First Time Blood Donor

While growing up in school I never wanted to donate blood in the school gym.

However, on Thursday July 12 I decided to make a difference... by getting my blood drawn for the very first time.

The American Red Cross hosted a three day blood drive at the Louisville Churchill Downs. It began Tuesday at 11a.m. and last until 7p.m.

Check in was located on the fourth level in Millionaire's Row told them I was a first time donor they gave me a green sticker as in indicator that I was making a difference.

After giving my pint of blood and several tubes for testing they provided us with juice, water and snacks. Along with a seat checking in to make sure we were doing okay.

Followed by a free dinner courtesy of Stoker's Broaster Chicken.

The greatest incentive was receiving a free ticket to King's Island/Cedar Point.

The blood drive was created to prevent blood shortages among hospitals. There isn't enough blood being donated as quickly then it's going out to patients.

I would have to say my first time donating was a fairly good experience. Those who were operating on me couldn't get over the fact of my humor yet seriousness. Several times I had to have them assure me that I wasn't going to die.

Before they hooked my up I asked questions and showed them exactly where my right arm vein was yet somehow they slightly still missed it with the needle. "Girl you just have those deep veins!," a Red Cross Representative said. Hmmm... Well then I suppose that's why my love run so deep for people?!

Not sure if that was a cop out because they wanted to ease my mind about the overall experience or they just really had no clue what they where doing and insist on trying to play it off. Which ever I was able to donate a full pint along with 5 additional tubes of blood for testing purposes. With an iron level of 13.4 barely exceeding pass the minimum level in order to donate. It took me about 12 minutes to fill the bag and although I thought it would have taking me less than 10, I suppose my blood doesn't flow as quickly as I thought.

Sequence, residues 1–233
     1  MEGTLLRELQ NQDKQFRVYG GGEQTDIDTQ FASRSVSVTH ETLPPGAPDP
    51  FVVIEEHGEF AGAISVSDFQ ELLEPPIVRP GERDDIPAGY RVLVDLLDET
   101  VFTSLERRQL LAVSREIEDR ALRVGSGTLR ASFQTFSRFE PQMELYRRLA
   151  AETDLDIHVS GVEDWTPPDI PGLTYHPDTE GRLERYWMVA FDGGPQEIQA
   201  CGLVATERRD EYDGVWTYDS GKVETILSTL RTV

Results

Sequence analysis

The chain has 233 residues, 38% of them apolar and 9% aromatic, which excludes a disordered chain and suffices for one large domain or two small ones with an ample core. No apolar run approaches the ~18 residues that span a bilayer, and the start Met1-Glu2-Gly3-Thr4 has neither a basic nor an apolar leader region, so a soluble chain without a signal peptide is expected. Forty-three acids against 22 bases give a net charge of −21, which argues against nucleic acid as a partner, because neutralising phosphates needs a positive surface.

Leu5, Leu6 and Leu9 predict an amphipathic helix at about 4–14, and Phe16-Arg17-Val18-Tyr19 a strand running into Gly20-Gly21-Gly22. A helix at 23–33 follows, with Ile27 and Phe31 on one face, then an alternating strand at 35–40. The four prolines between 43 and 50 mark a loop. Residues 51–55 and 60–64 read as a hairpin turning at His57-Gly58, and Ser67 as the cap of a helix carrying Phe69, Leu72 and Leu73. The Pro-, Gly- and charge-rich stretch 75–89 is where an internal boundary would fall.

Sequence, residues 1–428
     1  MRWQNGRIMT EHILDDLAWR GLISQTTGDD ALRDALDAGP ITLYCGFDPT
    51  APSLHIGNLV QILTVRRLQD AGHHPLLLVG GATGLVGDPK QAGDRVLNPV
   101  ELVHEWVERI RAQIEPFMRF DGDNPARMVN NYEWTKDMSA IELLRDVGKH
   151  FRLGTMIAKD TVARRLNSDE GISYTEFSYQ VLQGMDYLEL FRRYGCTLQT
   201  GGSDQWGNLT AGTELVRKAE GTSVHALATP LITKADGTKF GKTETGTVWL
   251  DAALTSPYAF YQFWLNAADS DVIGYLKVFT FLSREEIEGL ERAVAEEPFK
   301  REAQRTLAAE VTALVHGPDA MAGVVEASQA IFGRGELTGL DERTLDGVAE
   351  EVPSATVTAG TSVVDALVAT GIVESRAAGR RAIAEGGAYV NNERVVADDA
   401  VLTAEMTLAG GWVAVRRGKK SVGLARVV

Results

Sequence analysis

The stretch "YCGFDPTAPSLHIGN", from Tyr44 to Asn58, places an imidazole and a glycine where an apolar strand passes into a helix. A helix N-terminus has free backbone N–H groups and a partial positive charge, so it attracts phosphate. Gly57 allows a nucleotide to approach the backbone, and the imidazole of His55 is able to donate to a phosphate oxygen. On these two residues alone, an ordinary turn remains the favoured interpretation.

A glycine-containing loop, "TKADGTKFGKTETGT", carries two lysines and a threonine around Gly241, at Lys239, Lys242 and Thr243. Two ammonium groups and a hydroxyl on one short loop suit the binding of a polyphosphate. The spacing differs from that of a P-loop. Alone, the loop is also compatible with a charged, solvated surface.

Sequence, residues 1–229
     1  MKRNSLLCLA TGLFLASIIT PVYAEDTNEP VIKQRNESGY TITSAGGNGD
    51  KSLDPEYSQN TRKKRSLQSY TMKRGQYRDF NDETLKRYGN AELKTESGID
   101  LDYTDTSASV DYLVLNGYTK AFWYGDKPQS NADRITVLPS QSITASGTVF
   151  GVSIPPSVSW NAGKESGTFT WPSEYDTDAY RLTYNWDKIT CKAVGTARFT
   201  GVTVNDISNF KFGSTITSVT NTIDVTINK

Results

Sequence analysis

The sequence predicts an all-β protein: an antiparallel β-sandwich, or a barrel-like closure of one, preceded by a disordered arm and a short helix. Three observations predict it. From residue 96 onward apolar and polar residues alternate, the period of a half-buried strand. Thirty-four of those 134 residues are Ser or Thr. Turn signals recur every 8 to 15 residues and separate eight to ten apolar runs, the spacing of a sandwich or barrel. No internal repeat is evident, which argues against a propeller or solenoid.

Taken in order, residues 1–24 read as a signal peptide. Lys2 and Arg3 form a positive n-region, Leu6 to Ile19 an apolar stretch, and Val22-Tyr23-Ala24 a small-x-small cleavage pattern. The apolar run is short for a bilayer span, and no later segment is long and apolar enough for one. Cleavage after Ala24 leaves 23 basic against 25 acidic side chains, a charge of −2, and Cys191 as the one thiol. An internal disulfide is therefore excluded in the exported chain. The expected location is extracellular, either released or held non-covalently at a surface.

The Aftermath

Working and operating cameras at 4 in the morning the nect day was not a good idea based on the condition I was in. It had not been longer than 12 hours since I gave my donation.

I was trying my best to stay a float however I kept being asked by co workers if I was okay. The answer to them was yes even though I honestly knew I was dying inside. Feeling dizzy while standing and lightheaded when trying to bend down just to pick paper up... pushing a large studio camera across the floor and setting shots didn't make my life at the moment any better.

I literally was in tears and had to sit down for a while take a drink and eat a snack. Throughout the night I woke up to take several sips of water and that same dehydration was present hours later. I hardly got ample amount of sleep the night prior to donating blood which made me feel worse.

On break I ate a yummy, nutritious salad from Panera Bread and was able to rest my eyes for a little while. Returning from break I felt a little better however still weaker than what I am use too. I floored by myself for midday and made sure I set down during commercial breaks and any other moment I could.

As the weekend continued I still did not get the amount of rest I should have had but I was able to eat a bit more than I normally do.

On the following Monday I called and was able to find out what blood type I am...it's pretty universal!

Be sure to donate blood whenever you have the chance. Since it takes a while for red blood cells to replenish themselves I am not able to give blood again until September... why don't you stand in my absence.